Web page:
Linked by Thom Holwerda on Sat 19th Aug 2006 16:11 UTC
Microsoft MSDN's Channel 9 has two videos in their 'Going Deep' series which dive, well, deeper into Singularity, the operating system in development at Microsoft's research department. The first of the two is about, among other things, Software Isolated Processes (SIPs). The second of the two actually shows Singularity in action.
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RE[2]: R&D
by grayrest on Sat 19th Aug 2006 20:14 UTC in reply to "RE: R&D"
grayrest
Member since:
2006-03-14

But it isn't [a microkernel]. Although Singularity has a really small surface area of trusted code, lots of managed code lives in kernelspace to avoid the overhead of IPC and context switches.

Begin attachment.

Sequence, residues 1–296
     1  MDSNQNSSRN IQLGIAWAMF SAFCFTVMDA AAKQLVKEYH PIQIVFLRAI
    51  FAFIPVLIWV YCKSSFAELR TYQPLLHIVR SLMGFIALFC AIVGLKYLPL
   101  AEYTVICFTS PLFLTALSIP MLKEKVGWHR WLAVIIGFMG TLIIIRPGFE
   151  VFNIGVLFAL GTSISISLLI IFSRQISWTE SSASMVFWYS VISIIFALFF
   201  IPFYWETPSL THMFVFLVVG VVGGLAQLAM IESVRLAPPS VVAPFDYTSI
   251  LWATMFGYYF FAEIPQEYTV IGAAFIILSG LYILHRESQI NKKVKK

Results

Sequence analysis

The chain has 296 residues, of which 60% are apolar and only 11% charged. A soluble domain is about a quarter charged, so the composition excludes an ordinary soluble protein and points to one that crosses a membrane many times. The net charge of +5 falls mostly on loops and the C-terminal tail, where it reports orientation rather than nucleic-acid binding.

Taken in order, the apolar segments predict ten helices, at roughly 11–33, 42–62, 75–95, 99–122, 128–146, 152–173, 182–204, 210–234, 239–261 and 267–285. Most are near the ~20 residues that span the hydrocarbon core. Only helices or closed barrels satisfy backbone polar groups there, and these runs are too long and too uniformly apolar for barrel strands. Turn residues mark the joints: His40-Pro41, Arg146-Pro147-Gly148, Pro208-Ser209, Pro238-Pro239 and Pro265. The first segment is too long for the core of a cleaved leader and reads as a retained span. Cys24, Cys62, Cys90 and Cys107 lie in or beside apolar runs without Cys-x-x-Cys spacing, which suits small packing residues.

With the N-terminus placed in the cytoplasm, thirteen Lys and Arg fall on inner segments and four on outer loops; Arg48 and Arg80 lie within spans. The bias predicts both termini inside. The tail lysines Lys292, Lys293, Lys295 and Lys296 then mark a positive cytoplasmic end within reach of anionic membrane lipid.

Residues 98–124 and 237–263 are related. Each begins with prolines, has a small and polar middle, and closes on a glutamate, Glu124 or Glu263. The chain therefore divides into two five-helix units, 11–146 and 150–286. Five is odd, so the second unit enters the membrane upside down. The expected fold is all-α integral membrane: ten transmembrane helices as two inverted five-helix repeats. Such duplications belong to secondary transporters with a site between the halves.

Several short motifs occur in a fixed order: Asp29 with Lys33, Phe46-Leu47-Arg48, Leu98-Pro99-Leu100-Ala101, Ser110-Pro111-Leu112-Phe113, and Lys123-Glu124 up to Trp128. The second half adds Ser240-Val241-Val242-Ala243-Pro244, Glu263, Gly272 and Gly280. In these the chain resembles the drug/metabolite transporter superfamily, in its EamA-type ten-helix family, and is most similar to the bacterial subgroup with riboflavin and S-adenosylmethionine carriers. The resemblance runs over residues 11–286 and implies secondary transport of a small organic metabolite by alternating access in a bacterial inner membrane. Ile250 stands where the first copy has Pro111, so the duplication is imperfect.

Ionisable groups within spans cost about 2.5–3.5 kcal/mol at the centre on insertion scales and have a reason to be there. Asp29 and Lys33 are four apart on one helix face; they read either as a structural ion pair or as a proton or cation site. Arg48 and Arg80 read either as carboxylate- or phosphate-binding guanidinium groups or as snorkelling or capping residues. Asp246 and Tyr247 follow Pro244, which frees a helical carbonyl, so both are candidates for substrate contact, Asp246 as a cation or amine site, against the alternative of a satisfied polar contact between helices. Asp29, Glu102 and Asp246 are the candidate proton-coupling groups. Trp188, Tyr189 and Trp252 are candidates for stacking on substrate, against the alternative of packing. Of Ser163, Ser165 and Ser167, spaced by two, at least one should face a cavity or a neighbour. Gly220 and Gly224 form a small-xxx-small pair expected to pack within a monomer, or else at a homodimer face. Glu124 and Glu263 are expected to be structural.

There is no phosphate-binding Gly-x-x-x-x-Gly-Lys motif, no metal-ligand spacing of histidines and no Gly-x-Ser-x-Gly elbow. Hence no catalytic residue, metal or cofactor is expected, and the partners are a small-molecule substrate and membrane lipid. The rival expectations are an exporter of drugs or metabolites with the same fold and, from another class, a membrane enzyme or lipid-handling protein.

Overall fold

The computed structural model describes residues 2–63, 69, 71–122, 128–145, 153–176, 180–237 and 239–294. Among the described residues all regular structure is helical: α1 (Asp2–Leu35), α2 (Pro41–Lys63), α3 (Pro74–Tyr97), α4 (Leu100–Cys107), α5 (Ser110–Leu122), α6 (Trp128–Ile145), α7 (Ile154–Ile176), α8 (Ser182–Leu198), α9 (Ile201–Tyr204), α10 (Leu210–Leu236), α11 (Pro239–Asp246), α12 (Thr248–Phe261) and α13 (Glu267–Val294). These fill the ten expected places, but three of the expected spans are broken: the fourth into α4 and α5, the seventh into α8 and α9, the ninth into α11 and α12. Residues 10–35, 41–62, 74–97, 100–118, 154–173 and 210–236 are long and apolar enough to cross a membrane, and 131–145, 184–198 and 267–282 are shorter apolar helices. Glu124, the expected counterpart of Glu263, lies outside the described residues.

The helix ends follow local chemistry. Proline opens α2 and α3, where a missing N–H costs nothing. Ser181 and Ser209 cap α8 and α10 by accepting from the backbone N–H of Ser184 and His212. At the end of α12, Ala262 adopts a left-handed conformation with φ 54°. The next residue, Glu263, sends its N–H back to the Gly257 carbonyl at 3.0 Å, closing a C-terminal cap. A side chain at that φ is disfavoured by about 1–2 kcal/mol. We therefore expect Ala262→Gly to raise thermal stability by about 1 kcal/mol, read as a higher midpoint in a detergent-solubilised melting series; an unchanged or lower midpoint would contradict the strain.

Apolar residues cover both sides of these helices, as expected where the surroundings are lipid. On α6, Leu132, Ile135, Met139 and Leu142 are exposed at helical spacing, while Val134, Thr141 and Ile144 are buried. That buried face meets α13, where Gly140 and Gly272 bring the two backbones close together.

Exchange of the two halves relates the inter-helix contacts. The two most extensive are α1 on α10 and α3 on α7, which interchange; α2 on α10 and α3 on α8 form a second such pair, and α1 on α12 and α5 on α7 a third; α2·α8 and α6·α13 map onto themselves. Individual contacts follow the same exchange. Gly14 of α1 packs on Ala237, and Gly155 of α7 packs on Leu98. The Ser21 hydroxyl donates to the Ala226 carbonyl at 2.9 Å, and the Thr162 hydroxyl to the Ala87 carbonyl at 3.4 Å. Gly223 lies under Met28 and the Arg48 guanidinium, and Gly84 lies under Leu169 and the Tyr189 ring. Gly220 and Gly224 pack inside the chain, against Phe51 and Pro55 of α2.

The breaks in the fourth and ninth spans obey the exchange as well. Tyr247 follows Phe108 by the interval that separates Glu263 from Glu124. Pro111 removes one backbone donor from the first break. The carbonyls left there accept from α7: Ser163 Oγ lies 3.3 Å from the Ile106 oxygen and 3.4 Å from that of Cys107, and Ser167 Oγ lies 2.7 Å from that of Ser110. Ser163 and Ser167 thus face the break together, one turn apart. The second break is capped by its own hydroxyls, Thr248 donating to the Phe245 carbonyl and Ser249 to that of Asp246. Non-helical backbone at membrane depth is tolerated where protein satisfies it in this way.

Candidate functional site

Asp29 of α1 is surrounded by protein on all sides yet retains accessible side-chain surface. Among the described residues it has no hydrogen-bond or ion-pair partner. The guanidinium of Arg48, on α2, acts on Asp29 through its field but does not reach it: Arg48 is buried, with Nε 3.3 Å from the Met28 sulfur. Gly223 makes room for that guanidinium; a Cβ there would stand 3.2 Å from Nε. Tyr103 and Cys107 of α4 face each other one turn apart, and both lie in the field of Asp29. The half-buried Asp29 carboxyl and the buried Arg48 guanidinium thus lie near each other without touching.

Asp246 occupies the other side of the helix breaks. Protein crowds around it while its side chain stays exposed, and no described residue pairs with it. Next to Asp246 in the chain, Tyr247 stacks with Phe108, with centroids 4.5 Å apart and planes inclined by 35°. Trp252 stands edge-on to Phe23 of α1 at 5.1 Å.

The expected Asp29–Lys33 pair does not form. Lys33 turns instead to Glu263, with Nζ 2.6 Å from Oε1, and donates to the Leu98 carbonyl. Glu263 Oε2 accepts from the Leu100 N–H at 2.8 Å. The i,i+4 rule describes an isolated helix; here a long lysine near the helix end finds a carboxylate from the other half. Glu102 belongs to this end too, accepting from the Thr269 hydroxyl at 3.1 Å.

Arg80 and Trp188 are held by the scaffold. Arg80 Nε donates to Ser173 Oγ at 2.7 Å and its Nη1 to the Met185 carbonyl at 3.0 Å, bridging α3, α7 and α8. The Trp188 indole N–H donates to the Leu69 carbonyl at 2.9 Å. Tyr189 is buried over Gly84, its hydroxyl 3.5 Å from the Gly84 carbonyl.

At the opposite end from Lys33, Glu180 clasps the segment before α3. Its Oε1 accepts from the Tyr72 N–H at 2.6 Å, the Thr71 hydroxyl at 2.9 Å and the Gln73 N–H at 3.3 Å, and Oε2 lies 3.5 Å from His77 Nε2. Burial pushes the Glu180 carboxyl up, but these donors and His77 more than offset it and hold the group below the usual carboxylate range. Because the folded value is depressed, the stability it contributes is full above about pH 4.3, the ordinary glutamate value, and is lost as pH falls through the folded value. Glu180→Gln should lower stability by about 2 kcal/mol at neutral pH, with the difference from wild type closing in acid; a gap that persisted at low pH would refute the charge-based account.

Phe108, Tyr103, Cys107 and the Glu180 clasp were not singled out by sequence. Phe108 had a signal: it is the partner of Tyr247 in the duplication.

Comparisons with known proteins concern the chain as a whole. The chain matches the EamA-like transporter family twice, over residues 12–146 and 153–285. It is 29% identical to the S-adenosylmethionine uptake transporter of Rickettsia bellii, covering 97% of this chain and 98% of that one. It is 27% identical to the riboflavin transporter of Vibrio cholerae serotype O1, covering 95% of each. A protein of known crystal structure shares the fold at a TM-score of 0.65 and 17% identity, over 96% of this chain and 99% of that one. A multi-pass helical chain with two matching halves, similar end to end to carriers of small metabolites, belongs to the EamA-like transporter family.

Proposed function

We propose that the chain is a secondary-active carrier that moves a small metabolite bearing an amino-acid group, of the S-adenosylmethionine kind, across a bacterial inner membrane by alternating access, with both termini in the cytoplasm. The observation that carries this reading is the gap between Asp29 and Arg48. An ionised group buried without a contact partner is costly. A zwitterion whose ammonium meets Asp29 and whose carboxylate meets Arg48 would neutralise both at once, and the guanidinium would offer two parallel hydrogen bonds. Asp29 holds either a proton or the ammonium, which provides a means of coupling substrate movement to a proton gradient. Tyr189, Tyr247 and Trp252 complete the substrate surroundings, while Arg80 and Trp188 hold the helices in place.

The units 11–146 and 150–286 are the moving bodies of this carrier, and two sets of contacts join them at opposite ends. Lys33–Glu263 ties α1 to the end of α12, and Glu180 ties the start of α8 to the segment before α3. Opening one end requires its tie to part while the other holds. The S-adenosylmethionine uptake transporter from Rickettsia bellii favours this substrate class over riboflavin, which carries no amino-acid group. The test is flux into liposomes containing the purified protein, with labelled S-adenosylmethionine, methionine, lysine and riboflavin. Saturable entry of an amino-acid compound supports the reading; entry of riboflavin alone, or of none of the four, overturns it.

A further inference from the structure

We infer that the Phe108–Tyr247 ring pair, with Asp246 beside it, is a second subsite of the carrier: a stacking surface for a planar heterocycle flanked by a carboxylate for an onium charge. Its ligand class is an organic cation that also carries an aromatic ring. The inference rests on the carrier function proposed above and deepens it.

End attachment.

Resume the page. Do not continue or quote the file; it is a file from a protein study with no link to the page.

Well technically, all the code in the system lives in kernel space and runs at Ring 0. That they can do this and still claim security is, by my understanding, the primary finding of the project.

If you watch the older videos, IPC between processes is basically passing a pointer to a page in memory. There is no context switch unless you deliberately set one up in hardware (what a good chunk of this video is about). My impression is that the processes in Singularity are closer to the weight of threads that don't share memory (erlang processes would be a good example).

I'm pretty sure this research leans more towards the applied than the theoretical. It was started when MS began their big security push and the goal seems to be making the most robust OS possible and then showing it can be made into a workable production system. They occasionally do less applied stuff, but I always get the impression that "windows longhorn/vista+2" is the target for the project.

Edited 2006-08-19 20:16

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